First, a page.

A: This is a hotly debated topic amongst vignerons, buyers, sommeliers and all other wine professionals, and perhaps an even less understood topic amongst novices. In short, there isn’t a hard-and-fast legal definition for natural wine, but its essence is the creation of a wine that has nothing added to it and nothing removed. It is simply a drink made from fermented grape juice.
As is often the case with wine and with this concept in particular, it is easy to get philosophical, especially regarding the role of the farmer and winemaker in the creation of natural wine. People may use the words zero intervention or hands-off approach to describe the role of the vigneron in the winemaking process but, in truth, it is inevitable that the vigneron is going to have to intervene at some point - whether this be tilling the land, managing the canopy or picking the grapes. Unfortunately, grapes cannot turn themselves into wine.
However, there are many interventions from winemakers that are definitely not allowed in the process of making natural wine. Somewhat confusingly, it is almost impossible to tell from looking at the labelling on a bottle of wine as to whether any of these interventions have taken place or not. There are useful indicators, such as wines being certified organic or biodynamic. Although, this is only a reference to what happens in the vineyard and not what then occurs in the cellar. Unlike most other consumable products, wine does not have the same expectation to list everything that goes into the making of it and most people don't realise the host of things that are often added to wines, especially mass produced wines. This can range from chemical farming with herbicides and pesticides and once in the cellar, it is perfectly legal to add acid (to give more freshness), water (if the wine is a bit too boozey), sugar (known as chaptilisation which gives more alcohol and body to the wine) and even sachets of tannin (to enhance the robust nature of the wine) and synthetic colouring.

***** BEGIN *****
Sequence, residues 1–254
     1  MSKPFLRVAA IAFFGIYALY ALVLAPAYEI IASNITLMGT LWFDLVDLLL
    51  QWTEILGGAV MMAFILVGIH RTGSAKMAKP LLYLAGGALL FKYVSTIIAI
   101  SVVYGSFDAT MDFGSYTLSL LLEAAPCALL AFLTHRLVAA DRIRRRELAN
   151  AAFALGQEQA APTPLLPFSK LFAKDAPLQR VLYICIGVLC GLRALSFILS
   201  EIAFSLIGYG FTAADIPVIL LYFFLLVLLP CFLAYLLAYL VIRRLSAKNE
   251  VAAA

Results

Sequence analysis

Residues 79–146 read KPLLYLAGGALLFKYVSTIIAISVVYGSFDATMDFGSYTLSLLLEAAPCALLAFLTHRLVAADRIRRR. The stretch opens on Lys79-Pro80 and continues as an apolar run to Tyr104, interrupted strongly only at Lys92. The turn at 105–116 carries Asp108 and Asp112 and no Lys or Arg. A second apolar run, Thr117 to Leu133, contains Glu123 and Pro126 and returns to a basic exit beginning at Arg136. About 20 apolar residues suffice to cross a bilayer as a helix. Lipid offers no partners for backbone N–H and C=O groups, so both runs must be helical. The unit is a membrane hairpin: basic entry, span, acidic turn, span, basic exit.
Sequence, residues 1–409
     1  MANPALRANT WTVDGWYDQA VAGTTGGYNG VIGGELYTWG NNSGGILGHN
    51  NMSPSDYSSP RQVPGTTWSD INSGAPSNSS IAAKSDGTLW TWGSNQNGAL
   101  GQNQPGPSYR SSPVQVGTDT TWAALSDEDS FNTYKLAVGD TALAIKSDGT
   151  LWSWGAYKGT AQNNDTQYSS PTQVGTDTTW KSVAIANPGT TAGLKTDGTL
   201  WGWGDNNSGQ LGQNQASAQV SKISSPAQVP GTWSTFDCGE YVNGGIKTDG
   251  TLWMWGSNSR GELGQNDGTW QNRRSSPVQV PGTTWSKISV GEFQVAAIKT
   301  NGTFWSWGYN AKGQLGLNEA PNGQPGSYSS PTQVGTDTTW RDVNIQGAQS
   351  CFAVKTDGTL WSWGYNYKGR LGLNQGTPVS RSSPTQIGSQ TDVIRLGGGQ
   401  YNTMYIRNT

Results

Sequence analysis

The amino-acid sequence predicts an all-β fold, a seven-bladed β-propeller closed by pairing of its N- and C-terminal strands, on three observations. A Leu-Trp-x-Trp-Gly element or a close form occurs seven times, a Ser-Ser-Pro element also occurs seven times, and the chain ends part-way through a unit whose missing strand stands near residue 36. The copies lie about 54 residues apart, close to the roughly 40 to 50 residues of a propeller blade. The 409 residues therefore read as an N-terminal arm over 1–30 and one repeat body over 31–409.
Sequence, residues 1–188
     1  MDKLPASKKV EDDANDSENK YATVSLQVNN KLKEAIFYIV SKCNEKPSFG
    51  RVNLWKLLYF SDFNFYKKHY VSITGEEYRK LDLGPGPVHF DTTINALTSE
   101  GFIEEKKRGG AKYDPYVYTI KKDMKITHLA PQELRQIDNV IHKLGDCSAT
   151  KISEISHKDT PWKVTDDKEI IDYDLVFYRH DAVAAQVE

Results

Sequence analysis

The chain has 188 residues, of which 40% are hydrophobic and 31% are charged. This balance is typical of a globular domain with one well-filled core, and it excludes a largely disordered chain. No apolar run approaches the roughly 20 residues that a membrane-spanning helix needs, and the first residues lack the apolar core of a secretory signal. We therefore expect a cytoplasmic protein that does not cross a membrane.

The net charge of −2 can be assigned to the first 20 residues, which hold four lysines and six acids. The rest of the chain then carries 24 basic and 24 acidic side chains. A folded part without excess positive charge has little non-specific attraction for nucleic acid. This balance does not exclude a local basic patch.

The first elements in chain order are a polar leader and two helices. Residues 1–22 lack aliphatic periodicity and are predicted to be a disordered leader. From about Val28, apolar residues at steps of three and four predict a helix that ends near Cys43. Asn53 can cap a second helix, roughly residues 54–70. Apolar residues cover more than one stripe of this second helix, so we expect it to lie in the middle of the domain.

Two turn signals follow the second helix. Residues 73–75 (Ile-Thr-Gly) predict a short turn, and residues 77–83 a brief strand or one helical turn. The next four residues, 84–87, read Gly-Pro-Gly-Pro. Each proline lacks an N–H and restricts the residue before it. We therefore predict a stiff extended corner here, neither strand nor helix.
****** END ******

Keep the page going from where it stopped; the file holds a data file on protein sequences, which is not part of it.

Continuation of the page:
A somewhat contentious point in the discussion of natural wine is the use of sulphur. Just to clarify, sulphur is a natural preservative that has been used in winemaking since Roman times and can be found in many other foods such as dried fruits, pickled vegetables and fruit juices. When it comes to wine, it is good to understand why it is used; it protects an inherently living and unstable product as it heads into a long and sometimes turbulent life - think travel and high temperatures.
A lot of the natural protection for a wine is stored in the seeds, skins and stems which means that red wines typically have more innate protection that white wines. This is mirrored in EU law as red wine is allowed a total of 150 mg/litre of sulphur, whilst for white wines 200 mg/litre is permitted. To put this into perspective, many die hard naturalistas follow the zero-zero idea of zero additions - zero sulphur. However, there is an unwritten rule that up to 30 mg/litre is still acceptable in the world of natural wine.
One of the most common questions we get asked is whether you can tell a wine is natural from simply looking at it? This is a common misconception; just because a wine is orange or perhaps cloudy, does not mean that it will be natural. Indeed, a wine can be both of these things and be made in exactly the same way as your cheap corner shop plonk. The waters are getting murkier as large, conventional wineries jump on the marketing bandwagon of l0w intervention and natural wines. Many of the celebrated natural wines of the world are neither cloudy, orange or funky looking at all. To look at them, you would never know. They are simply well-made wines that happen to be natural.
In its essence, natural wine is about the search for authenticity and its multitude of intricacies from the vineyard to the cellar make it almost impossible to define. Aside from some cornerstone, such as no use of chemical farming and no additions of yeast (preferring wild or natural fermentation), the concept is fluid. Perhaps this is the beauty of the idea of natural wine? These wines can’t be boxed in and can mean many different things to many different people.